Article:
You’ve probably seen that MF Global, one of the big brokers in futures, options, CFDs and other derivatives has gone bust. While we haven’t heard all the details yet, this seems like it might be a rather worrying case when it comes to the safety of your brokerage account.
MF Global went under because of trades it was making on its own account (known as proprietary or ‘prop’ trading). Specifically, it had bought European sovereign bonds on high leverage and couldn’t make the margin calls when these fell in value (fuller details at the FT).
This was an extremely stupid thing to do, but it was MF Global’s own bet. It shouldn’t have mattered to clients.
Well, that’s an exaggeration. It does matter to you when your broker goes bust, because of the hassle of transferring your account. But your investments should not be at risk.
Your assets are your property and separate from the firm. When it goes bust, they’re still yours. To ensure this, they are held in segregated accounts – client money and firm money must never be “commingled”.
But in this case, it seems that client money may be missing or at least poorly accounted for. It may just be delayed in transit – some institutions may have held off on transferring funds to MF Global as it teetered on the brink. But there is a suggestion that some MF Global assets and client assets were commingled.
If true, this is completely against the rules. It’s the first principle of the business that client assets are always segregated from your own.
If it was an accident, it’s appallingly negligent. If it was done deliberately – eg client assets put forward as collateral as the margin calls against MF Global mounted up – then it’s fraud and people at the firm should be prosecuted.
Segregated accounts are supposed to be what protects your investments if the broker fails. It’s the first and main line of defence.
If assets are missing, that’s where the investor compensation schemes come in (eg SIPC in the US, FSCS in the UK). This is exactly what they are supposed to cover.
But there are limits to how much these schemes cover. They also don’t cover every type of investment – in fact, I believe SIPC does not cover many futures accounts, so some MF Global investors may not have this protection, if needed.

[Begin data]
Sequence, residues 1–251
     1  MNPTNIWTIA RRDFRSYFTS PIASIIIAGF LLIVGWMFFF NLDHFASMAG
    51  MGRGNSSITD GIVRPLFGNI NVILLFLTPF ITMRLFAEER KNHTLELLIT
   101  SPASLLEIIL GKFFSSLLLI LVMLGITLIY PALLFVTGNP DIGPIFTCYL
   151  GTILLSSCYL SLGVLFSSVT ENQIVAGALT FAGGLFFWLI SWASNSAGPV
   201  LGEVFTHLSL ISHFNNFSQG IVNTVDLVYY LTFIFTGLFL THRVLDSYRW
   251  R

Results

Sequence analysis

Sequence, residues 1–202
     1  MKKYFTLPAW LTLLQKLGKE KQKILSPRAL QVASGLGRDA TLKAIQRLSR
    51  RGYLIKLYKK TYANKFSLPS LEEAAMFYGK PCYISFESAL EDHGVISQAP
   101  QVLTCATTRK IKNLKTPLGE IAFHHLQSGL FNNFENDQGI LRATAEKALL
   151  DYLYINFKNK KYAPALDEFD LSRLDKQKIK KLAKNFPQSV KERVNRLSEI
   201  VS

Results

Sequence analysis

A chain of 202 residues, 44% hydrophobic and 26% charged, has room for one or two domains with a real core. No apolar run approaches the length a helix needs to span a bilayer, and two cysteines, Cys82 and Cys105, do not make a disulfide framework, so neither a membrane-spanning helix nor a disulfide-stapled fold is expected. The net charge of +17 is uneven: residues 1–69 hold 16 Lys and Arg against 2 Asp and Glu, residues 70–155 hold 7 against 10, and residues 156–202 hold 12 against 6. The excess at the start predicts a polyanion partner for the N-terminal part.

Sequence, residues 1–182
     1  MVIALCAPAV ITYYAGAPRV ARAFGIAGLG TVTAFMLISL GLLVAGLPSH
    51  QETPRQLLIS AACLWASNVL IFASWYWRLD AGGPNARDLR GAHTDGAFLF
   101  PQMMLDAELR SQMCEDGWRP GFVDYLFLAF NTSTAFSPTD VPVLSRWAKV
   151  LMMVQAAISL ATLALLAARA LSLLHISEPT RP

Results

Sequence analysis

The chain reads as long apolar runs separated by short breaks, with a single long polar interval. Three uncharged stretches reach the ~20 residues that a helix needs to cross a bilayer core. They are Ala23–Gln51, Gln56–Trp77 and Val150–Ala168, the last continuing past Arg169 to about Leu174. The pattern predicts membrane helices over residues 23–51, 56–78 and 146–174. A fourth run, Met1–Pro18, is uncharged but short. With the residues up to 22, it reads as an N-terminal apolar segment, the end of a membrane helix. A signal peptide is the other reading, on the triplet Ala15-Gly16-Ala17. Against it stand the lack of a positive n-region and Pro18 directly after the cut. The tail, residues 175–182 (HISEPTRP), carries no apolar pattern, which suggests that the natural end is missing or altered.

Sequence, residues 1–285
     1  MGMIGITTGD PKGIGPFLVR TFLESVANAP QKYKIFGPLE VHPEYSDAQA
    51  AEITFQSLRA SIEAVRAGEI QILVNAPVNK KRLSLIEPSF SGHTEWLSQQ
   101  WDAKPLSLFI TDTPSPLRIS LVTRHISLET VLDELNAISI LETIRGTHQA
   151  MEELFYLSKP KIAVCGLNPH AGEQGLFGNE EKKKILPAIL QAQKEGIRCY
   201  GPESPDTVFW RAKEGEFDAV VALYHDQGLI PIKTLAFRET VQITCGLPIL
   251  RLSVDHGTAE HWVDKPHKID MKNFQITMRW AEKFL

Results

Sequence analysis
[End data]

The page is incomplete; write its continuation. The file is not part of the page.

Investors need to understand what these limits and to what extent they are protected. They also need to be aware that obviously these schemes don’t pay out instantly.
So it also makes sense to have an account with more than one broker. That way if one fails, your inconvenience – and losses – are hopefully reduced.
I’d also always say that you should go with a reputable firm. After all, not having the broker go bust in the first place is the best investor protection.
But as MF Global may be demonstrating – if the allegations are true – that’s not easy. This was a reputable firm.
Yes, you hear rumours of client funds not being segregated properly at smaller firms. But if it has happened at a firm as large and well-known as MF Global, that would be pretty shocking.
Your best protection against this risk may be to have an account with a systematically important (‘Too Big To Fail’) institution. If they go to the brink, they’re likely to be bailed out and clients protected – whatever has happened internally.
The problem with that is that many of these aren’t very good. You’re essentially rewarding failure by using them, instead of an independent firm that’s trying to offer a better service. But it may be one way to stay safer.
I’m not suggesting that you should pull money out of other firms. I certainly won’t do so – indeed, I’m looking at opening an account with another small independent firm right now. But splitting your assets, knowing the compensation scheme limits and keeping some in an institution that’s almost certain to be bailed out is one way to hedge this risk.